Sen. Sharon Brown has a press release about how she wants to modernize, ahem, what we call clean energy.* Some of it is fine (I think, but anyone with more knowledge of energy issues than me, please pipe in). Some of it is of the oh, let’s count the hydro power toward our clean energy requirements despite the initiative that people already voted on.
“By allowing some of the incremental electricity produced by efficiency improvements to hydro projects to qualify as an eligible renewable resource, we not only save consumers money, but we also help our employers free up the resources they need to hire more employees and give raises and better benefits to those already employed,” said Brown, R-Kennewick.
Efficiencies are awesome! But the good news is that there’s already an advantage to utilities to being efficient. It’s the market. The reason we have regulations like these are because we’re trying to accomplish things the market won’t do well. Also, is there ever a GOP program they can’t pretend is a jobs bill. We need to rely more on hydro than on energy sources with less downside because jobs. Also, didn’t we vote on this already?
Efficiency changes made to hydro projects allow more electricity to be produced from the same amount of water without any new diversions or impoundments. Currently, the I-937 law only recognizes hydro-efficiency improvements associated with projects owned by a qualified utility. Under Brown’s bill, this recognition would be extended to incremental electricity marketed by the federal Bonneville Power Administration.
Will of the people, and whatnot.
“As lawmakers heard from some of those who testified today, Washingtonians who have paid for these efficiency improvements to hydro projects should be able to see the benefits of those improvements,” said Brown. “Instead, Washington is sending its affordable hydropower to other states who consider it renewable, while our utilities are force to purchase costly power required to meet the state’s mandate.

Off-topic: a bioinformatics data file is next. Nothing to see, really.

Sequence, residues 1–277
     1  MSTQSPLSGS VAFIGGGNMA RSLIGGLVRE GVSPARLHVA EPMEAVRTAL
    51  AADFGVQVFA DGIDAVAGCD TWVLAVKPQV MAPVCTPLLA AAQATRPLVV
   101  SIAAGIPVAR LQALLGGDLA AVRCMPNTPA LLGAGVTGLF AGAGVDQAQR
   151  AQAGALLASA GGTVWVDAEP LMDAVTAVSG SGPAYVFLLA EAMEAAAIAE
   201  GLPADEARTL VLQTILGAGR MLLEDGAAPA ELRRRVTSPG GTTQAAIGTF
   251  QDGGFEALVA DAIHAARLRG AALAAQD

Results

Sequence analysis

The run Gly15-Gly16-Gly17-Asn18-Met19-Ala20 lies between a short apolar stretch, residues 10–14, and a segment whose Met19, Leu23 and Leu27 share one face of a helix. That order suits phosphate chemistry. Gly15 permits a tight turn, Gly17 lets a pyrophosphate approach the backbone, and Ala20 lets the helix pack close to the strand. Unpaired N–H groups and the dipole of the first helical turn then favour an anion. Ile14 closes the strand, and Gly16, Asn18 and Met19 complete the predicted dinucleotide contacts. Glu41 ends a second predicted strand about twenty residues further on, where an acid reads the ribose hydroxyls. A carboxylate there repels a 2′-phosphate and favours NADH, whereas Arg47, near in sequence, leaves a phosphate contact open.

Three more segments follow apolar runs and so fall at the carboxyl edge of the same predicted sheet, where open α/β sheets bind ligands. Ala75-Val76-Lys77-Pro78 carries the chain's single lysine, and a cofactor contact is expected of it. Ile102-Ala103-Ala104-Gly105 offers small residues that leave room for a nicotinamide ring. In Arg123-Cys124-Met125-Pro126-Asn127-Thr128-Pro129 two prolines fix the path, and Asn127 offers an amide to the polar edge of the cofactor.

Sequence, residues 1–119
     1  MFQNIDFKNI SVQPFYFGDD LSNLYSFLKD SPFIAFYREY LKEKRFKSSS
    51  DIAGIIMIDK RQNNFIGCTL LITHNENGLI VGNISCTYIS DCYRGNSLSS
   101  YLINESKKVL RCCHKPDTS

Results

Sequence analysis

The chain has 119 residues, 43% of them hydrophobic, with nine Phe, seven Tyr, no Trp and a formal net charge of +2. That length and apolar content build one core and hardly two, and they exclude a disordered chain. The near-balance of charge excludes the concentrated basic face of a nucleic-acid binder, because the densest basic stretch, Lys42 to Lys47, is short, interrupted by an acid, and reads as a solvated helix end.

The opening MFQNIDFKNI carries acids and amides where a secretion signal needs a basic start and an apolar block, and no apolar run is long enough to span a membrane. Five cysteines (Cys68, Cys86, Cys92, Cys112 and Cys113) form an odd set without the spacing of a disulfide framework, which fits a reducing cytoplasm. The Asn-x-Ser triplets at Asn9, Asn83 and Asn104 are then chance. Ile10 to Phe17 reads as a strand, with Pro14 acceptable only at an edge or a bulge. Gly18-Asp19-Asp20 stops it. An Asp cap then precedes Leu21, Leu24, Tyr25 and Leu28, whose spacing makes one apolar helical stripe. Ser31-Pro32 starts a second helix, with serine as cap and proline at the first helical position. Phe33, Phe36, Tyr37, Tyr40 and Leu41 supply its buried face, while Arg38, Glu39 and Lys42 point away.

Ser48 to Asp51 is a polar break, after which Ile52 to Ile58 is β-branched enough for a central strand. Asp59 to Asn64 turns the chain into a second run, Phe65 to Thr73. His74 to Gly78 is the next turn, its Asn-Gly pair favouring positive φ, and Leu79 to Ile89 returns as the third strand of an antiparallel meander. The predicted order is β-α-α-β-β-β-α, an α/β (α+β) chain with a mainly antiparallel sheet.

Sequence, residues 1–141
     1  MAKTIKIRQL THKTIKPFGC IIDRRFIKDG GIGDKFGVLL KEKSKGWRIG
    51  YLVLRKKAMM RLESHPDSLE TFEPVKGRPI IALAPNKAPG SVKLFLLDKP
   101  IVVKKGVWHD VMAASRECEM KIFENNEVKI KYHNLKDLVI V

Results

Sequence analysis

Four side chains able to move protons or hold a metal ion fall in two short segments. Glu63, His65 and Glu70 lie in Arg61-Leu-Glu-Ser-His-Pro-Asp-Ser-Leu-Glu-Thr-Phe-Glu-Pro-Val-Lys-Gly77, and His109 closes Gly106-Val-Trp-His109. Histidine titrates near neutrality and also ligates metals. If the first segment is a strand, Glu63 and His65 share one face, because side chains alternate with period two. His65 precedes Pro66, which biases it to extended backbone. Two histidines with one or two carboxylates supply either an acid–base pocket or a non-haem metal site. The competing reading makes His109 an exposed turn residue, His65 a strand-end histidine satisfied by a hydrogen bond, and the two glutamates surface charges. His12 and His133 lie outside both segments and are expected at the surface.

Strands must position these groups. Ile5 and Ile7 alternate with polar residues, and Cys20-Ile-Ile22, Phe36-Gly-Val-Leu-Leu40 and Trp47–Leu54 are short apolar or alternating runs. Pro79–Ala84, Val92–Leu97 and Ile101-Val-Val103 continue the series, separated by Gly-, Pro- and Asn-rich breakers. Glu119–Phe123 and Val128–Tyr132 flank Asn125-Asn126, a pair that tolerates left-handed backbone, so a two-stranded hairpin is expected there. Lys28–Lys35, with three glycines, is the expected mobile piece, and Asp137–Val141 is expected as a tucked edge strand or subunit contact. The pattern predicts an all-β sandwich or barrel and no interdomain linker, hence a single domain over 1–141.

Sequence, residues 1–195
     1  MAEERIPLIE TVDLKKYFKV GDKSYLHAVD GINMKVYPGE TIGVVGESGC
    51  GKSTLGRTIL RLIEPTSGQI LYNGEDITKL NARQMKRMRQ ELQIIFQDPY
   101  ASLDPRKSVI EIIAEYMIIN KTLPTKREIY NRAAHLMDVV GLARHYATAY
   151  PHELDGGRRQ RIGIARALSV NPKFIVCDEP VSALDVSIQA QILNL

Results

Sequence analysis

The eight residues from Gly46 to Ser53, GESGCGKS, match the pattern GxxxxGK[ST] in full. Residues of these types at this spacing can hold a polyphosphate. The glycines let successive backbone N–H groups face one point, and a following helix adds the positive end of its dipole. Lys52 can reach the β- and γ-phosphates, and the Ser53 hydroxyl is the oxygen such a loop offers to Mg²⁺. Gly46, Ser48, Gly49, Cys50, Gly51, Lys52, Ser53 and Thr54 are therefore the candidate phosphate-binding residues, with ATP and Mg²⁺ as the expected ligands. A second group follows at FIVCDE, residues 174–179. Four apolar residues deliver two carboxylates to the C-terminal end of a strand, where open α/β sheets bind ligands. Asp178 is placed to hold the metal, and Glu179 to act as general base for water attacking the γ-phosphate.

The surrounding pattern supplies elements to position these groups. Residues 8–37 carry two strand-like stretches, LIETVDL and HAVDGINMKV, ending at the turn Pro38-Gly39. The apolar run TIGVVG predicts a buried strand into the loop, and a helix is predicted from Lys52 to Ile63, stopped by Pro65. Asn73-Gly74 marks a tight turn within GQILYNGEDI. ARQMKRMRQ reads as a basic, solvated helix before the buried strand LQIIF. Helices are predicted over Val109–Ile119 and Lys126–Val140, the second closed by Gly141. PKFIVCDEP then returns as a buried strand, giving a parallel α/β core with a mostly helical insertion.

Ignore the typos. This post can’t all just be me making fun of typos, and I’ve already done it once and will do it again. It’s just some intern, probably. Good for you for being here, and I hope you earn credits toward your middle school graduation.
Obviously, the thing to concentrate on here is that our standards for renewable should be rigorous. Our standards should be tough to hit because how we get our energy is valuable!
Also, not for nothing, but energy is incredibly cheap in Washington. For example, my apartment is pretty small, but I paid less than $15 for my December bill,** and that was with a fair amount of heat, what with it being December. A lot of that is, as Goldy has written, our socialist utility here in Seattle. So clearly socialism is a jobs program — QED — and I hope Senator Brown will lead a chorus of The Internationale. Unless she hates jobs.
“With so many families having to make the difficult choice between paying the light bill and putting food on the table, we have an obligation to look for ways to make energy more affordable. My bill would do just that by allowing our utilities to use clean, affordable incremental hydropower and pass any cost savings onto their customers.”
Right, so let’s take out the profit motive from things like utilities. Acknowledge that they make more sense as infrastructure and then everyone who uses the product will have more money. Brilliant! Oh, no, it’s just loosening regulation.
Anyway, one more typo to make fun of from a part of it that I’m basically fine with.
We really need to look at what we are going to use for baseload energy in the future. Wind power cannot replace wind power. Utilities have to balance every minute of our load with our resources and the power that our customers need.
Again, I’m not really one to make fun of typos, but this has been up for several days. And presumably it was a draft at some point. “Wind power cannot replace wind power” is like a riddle in a children’s book.
* She hyphenates it so it’s “clean-energy” in her press releases. I’m terrible with that sort of thing (see my open threads last week, even though the last two were intentionally wrong), but I’m pretty sure she’s wrong. Given how many typos the rest of the press release has, I’m going with “clean energy” but feel free to tell me I’m an idiot in the comments.
** Including the $3 of that went to the Green Up program